Firefighter Cancer Rates: The Facts from NIOSH Research

Posted on by Robert D. Daniels, PhD, CHP

In 2010, researchers from the National Institute for Occupational Safety and Health (NIOSH), launched a multi-year study to examine whether firefighters have a higher risk of cancer and other causes of death due to job exposures. The study was a joint effort led by researchers at NIOSH in collaboration with researchers at the National Cancer Institute and the University of California at Davis Department of Public Health Sciences, and supported by the U.S Fire Administration. This study was completed in late 2015.

The study included nearly 30,000 career firefighters from Chicago, Philadelphia, and San Francisco who were employed at any time between 1950 and 2009. NIOSH researchers found that, when compared to the number of cancers expected using U.S. population rates, the firefighters in this study had a modest increase in cancer diagnoses (9% increase) and cancer-related deaths (14% increase). More information about the study can be found at the links below.

Understanding the increased risks faced by firefighters can help target prevention efforts. However, recent media reports have confused the issue by over-stating the cancer risk for firefighters.  We hope that providing the data in this blog and the references below will help prevent further misrepresentation of our data.

Additional information on the study can be found at the NIOSH Cancer Study Topics Page  and in a NIOSH Science Blog. Links to the study publications are provided below.

Mortality and cancer incidence in a pooled cohort of US firefighters from San Francisco, Chicago and Philadelphia (1950− 2009)

Exposure–response relationships for select cancer and non-cancer health outcomes in a cohort of US firefighters from San Francisco, Chicago and Philadelphia (1950–2009)

Creation of a retrospective job-exposure matrix using surrogate measures of exposure for a cohort of US career firefighters from San Francisco, Chicago and Philadelphia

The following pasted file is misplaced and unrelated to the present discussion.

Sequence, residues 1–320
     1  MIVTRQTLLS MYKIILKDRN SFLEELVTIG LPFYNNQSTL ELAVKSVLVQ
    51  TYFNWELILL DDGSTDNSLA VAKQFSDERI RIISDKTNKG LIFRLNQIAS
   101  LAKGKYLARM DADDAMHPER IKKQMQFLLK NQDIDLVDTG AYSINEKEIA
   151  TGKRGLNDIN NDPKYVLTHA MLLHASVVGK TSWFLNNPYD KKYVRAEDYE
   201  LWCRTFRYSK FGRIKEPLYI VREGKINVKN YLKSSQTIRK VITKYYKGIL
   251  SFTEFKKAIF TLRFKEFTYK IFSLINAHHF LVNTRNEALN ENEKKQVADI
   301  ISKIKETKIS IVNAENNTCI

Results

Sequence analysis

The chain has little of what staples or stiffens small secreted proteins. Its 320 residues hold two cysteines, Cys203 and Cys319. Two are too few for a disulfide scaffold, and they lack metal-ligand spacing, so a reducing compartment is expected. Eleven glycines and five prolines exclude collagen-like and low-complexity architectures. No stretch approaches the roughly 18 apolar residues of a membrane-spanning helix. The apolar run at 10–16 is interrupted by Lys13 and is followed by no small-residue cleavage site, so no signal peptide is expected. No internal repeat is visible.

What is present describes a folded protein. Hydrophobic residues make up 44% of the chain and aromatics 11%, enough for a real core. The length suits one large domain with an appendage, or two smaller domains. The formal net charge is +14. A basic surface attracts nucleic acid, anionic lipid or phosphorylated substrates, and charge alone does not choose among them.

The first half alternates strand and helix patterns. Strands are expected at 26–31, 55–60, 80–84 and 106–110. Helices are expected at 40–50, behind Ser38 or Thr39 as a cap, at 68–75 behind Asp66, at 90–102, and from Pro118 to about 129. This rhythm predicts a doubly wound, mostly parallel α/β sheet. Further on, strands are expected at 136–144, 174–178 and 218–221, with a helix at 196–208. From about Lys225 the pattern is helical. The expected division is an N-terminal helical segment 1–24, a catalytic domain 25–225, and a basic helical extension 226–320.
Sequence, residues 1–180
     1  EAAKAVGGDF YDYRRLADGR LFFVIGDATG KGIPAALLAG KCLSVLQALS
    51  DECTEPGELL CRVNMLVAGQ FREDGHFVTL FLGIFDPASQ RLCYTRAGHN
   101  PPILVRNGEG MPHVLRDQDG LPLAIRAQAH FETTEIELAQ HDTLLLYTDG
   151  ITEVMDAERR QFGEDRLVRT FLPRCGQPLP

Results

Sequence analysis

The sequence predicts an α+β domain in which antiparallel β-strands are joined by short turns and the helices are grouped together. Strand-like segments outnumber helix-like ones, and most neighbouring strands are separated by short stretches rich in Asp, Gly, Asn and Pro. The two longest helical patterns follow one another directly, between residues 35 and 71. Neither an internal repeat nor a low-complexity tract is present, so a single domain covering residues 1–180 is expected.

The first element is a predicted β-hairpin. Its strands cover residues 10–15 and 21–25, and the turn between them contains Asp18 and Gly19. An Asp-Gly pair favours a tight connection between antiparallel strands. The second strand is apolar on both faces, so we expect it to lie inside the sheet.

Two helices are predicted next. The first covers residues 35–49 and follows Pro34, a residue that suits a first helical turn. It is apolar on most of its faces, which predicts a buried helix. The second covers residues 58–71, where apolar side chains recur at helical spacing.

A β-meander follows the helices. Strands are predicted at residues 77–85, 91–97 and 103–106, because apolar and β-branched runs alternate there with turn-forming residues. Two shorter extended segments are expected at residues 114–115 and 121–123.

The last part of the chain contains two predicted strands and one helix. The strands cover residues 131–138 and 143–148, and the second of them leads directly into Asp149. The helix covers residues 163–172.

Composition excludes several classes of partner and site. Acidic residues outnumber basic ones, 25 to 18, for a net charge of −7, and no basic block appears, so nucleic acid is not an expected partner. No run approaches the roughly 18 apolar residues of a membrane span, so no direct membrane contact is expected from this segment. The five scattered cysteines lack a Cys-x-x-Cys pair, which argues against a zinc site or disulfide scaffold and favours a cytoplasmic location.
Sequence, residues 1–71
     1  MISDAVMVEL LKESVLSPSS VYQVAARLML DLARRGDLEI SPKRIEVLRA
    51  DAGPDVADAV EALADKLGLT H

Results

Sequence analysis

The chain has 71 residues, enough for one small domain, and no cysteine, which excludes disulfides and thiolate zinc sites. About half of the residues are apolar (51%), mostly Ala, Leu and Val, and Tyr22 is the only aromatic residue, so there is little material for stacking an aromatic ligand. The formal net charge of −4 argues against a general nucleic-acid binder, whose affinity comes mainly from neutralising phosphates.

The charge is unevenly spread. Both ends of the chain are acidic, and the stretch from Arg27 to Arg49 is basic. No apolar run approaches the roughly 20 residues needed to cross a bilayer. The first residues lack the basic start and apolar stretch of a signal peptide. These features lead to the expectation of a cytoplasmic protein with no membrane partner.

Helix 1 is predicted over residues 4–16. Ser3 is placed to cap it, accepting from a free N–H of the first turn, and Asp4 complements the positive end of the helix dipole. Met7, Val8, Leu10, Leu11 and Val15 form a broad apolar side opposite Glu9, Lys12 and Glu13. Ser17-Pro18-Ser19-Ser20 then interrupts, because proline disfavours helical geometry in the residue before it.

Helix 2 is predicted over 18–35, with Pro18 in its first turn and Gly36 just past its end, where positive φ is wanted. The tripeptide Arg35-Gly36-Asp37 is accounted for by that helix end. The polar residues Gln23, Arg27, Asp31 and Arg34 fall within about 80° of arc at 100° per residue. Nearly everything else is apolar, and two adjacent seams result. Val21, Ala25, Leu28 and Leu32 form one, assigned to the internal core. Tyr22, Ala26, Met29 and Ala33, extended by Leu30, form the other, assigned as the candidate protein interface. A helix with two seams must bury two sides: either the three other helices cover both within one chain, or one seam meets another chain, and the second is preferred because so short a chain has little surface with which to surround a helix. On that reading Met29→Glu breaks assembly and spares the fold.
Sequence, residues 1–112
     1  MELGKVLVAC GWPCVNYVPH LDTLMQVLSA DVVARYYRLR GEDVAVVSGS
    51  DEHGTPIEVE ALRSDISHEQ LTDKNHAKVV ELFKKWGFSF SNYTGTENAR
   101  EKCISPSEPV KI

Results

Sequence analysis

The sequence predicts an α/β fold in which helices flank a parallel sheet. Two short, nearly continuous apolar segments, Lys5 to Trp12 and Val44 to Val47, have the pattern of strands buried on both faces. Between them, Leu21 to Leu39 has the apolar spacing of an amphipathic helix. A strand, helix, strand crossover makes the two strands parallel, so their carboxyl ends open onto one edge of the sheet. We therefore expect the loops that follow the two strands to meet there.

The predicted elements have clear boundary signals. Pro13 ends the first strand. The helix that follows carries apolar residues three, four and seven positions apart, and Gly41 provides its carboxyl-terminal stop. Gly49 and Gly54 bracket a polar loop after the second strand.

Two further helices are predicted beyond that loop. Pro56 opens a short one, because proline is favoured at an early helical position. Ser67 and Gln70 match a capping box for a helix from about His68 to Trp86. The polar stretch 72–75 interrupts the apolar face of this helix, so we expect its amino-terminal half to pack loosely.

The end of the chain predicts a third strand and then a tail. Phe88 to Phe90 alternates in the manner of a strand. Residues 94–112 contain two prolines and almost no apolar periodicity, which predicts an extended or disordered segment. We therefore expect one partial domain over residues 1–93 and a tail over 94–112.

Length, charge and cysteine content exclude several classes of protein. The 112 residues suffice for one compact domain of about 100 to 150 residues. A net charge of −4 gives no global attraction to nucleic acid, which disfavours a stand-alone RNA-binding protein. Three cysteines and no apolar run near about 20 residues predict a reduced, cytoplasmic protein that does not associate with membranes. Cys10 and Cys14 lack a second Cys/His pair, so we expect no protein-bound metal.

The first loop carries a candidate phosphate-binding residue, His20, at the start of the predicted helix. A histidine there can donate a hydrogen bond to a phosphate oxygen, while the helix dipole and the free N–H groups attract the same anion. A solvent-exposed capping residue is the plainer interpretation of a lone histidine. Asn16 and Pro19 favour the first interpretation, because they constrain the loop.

Robert D. Daniels, PhD, CHP

Dr. Daniels is a Lead Epidemiologist in the NIOSH Education and Information Division.


Posted on by Robert D. Daniels, PhD, CHP

20 comments on “Firefighter Cancer Rates: The Facts from NIOSH Research”

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    After I read this article, I got to have knowledge and add my insight, I happened to look for an article like this, it is very helpful for me and the crowd, the writing is good to read and easy to understand.

    It is said that Cancer is milestone of related chronic Diseases. Maybe it is most effect solution that health practitioner can help Firefighter to prevent possible professional career caused chronic diseases like stomach ulcer, lack of sleep, health problems caused by long term stress factors. By this way, may be the risk of cancer and other causes of death due to job exposures can be reduced dramatically?
    Maxwell Chan

    I’m wondering about the accounting of gender in cancer rates here. Males express an average of 207.9 per 100,000 cancer mortality rate and the average population hits 171.2 per 100,000 cancer mortality while women are 145.4 per 100,000 cancer mortality.

    If firefighters show a 14% increase over the general population’s cancer mortality rate (171.2/100,000) then that would be a 24 (23.968) per 100,000 increase, putting them at 195.168 per 100,000 firemen.

    That rate is actually lower than just the average male’s cancer mortality rate but not by much. When considering that just under 4% of firefighters are female, is it possible that they account for the remaining drop and that firefighters actually express cancer mortality rates at numbers similar to males due to the gender skew to male in the profession?

    I mean, of course mesothelioma increased the risk regardless. I’m just wondering if it was controlled for in any of these studies when considering the general population number to compare.